Fleet News

Honda Accord 1.8 LS - 1,305 miles

Honda

Review

##hondacc.jpg --Right##HONDA'S value-for-money-with a touch-of-class reputation had fleets queuing up for run-out Accords in the months before the latest generation Swindon-built four-door appeared in October last year. The importer sold getting on for 61,000 units in 1998, but we believe operators who thought they'd be hard-pushed to do as well for their previous Honda cash compared with the new will be pleasantly surprised.

A significant boost comes with three-year/90,000-mile warranty cover (up from two years/60,000 miles) introduced with the all-new saloon, and that's going to be extended across the Honda range. An Accord hatch is due in the spring and there will be facelifts announced on other models as part of the importer's campaign to increase UK sales by at least 10% during 1999, at the same time tipping the retail/corporate scales in fleets' favour.

Continued reliability, excellent build quality and ease of ownership will, of course, do their bit to help Honda hit target. But there's something else: the previous Accord had a certain classiness which helped overcome the fact that the exterior was unremarkable, the interior was bland, and the car wasn't much fun to drive.

Our latest long term test fleet addition, an Accord 1.8-litre four-door in middle-of-the-road LS trim, not only retains that touch of class, it now has the engine and handling characteristics to place it among the upper medium class leaders in driving terms (it does pretty well in wholelife terms, too - CAP Future Residual Values estimates 26.3p per mile over three years/60,000 miles and 41% of retained value, and that's knocking on Passat's door).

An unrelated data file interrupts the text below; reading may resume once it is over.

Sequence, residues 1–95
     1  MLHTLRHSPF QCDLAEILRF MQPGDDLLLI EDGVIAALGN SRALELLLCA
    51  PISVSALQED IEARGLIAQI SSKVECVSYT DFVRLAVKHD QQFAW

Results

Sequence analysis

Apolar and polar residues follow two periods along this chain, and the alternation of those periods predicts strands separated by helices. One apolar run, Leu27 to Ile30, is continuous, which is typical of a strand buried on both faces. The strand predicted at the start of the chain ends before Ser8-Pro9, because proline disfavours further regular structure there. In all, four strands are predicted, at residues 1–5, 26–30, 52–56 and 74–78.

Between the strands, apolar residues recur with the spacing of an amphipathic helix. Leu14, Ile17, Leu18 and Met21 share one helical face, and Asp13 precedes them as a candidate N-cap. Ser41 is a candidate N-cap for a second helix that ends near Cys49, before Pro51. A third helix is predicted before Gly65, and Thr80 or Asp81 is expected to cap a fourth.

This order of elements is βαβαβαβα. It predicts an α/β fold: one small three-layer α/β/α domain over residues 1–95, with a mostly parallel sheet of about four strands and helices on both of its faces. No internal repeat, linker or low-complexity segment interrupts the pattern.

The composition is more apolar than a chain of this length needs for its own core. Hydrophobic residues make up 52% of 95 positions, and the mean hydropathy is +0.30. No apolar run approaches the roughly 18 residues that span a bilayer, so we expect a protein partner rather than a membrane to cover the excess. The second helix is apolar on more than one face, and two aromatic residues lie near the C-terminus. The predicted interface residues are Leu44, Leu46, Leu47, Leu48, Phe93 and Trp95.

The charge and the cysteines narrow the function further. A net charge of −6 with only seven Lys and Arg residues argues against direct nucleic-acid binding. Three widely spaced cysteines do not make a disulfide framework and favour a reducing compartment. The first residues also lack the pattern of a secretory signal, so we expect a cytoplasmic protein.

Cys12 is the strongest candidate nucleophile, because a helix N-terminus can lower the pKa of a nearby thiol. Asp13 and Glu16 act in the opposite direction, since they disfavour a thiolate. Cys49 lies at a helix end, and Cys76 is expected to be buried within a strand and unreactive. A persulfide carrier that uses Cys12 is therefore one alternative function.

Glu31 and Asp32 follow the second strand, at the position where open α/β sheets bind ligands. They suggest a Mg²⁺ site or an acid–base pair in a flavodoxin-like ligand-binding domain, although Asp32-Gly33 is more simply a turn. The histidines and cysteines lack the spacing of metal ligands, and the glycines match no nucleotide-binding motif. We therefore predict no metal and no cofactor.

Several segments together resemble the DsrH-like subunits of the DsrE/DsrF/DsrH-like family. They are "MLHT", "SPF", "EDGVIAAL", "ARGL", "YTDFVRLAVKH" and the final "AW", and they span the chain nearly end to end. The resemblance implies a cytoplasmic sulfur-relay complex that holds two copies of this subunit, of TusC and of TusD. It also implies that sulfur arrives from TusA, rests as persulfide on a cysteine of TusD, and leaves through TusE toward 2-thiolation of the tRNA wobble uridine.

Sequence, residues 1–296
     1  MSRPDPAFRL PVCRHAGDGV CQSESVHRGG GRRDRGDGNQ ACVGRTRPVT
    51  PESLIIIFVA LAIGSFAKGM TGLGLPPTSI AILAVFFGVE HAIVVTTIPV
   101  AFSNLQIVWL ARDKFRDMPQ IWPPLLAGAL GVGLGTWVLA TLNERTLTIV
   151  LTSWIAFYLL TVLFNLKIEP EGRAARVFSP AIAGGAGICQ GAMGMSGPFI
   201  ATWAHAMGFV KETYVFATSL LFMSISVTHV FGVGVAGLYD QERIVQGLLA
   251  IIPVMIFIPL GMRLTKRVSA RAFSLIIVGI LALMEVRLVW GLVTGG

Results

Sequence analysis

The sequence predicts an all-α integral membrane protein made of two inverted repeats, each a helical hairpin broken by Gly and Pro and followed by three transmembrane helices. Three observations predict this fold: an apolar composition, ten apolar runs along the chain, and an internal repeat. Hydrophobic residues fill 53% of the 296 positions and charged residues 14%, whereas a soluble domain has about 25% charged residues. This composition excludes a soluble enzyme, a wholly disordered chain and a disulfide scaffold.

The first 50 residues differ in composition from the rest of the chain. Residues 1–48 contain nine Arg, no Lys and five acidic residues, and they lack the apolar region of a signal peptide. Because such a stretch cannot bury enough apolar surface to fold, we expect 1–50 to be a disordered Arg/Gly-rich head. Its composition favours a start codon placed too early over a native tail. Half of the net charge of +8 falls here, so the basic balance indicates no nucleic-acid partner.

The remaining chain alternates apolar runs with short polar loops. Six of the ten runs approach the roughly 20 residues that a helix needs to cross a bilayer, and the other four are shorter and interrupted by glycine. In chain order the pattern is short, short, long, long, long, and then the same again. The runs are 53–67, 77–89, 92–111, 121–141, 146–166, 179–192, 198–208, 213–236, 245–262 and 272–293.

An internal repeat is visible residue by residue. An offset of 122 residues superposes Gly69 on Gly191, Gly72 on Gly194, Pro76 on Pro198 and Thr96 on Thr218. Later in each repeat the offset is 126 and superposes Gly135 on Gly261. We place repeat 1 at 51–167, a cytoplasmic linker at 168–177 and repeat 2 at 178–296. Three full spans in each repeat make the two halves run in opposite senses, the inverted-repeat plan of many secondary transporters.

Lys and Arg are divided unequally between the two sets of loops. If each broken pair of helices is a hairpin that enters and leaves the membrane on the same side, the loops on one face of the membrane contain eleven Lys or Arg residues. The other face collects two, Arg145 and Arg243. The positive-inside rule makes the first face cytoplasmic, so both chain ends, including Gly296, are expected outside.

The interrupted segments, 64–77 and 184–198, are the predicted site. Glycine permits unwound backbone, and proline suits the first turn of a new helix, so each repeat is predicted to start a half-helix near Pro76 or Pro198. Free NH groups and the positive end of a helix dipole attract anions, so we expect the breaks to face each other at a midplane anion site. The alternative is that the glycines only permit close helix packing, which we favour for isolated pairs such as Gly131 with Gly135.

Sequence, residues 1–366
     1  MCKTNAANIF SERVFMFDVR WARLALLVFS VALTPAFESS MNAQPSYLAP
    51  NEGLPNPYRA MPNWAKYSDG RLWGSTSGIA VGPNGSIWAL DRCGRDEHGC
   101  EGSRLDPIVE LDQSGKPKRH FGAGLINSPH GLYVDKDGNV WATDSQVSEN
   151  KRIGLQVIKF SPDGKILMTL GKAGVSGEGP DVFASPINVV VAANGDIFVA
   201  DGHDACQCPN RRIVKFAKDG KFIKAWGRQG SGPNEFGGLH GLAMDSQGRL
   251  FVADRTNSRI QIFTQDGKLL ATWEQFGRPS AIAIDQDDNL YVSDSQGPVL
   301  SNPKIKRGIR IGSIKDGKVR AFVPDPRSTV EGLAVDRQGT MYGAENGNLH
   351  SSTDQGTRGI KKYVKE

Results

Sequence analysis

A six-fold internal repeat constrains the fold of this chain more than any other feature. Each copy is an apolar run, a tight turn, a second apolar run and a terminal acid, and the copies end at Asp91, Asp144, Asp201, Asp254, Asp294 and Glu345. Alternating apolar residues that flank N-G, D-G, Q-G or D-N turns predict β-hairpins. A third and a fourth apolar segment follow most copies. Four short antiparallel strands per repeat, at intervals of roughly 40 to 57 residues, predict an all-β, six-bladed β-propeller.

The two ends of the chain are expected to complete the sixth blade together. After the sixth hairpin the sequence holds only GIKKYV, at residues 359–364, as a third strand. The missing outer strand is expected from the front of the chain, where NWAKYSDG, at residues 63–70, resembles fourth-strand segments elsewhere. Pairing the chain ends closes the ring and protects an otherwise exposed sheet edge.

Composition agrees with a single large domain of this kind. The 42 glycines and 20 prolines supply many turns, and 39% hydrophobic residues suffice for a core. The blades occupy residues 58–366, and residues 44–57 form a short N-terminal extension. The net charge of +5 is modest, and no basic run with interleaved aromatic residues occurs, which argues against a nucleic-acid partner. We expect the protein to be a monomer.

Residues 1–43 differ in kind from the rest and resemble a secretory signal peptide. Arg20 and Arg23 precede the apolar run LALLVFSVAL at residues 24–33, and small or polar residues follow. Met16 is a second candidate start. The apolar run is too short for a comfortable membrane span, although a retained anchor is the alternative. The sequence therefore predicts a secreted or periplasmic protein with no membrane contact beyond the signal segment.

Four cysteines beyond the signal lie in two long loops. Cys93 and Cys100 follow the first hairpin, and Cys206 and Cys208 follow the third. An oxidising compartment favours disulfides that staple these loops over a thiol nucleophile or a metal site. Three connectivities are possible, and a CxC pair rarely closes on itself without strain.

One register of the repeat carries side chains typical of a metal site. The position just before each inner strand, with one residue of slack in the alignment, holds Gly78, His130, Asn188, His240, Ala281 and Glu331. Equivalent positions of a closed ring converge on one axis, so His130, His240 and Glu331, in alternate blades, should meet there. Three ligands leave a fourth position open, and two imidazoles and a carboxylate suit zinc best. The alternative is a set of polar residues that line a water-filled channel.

Driven gently, the entry 1.8 single overhead cam VTEC (0-62mph 10.4 secs, top speed 127mph goes about its job with little fuss: it's quiet and smooth, almost docile - but hit the throttle hard and the blue rinse blows away as the revs rise to a glorious crescendo of 136bhp at 6,000rpm. It loses none of its refinement treated enthusiastically, but it gains dramatically in its ability to please. Ride is crisp, but compliant, roadholding's excellent, steering is sharp and accurate, and there's little roll on corners.

Styling may still be conservative, but the new Accord has become a driver's car without losing its business-like qualities, nor lowering its status. And at ú16,595 on-the-road, the 1.8 LS manual (the S starts the range at ú15,295, while the leather-treated ES begins at ú19,395) looks good value - the air-conditioning in our car is more efficient than its predecessor's, cabin and boot are roomier, and seats better suited to long distance motoring. Our fuel economy is encouraging, too - 34.3mpg after 1,300 miles. So far, so good.

Gervais Seymour

CO2 emissions and fuel consumption data correct at time of writing. The latest figures are available in the Fleet News fuel cost calculator and the company car tax calculator.

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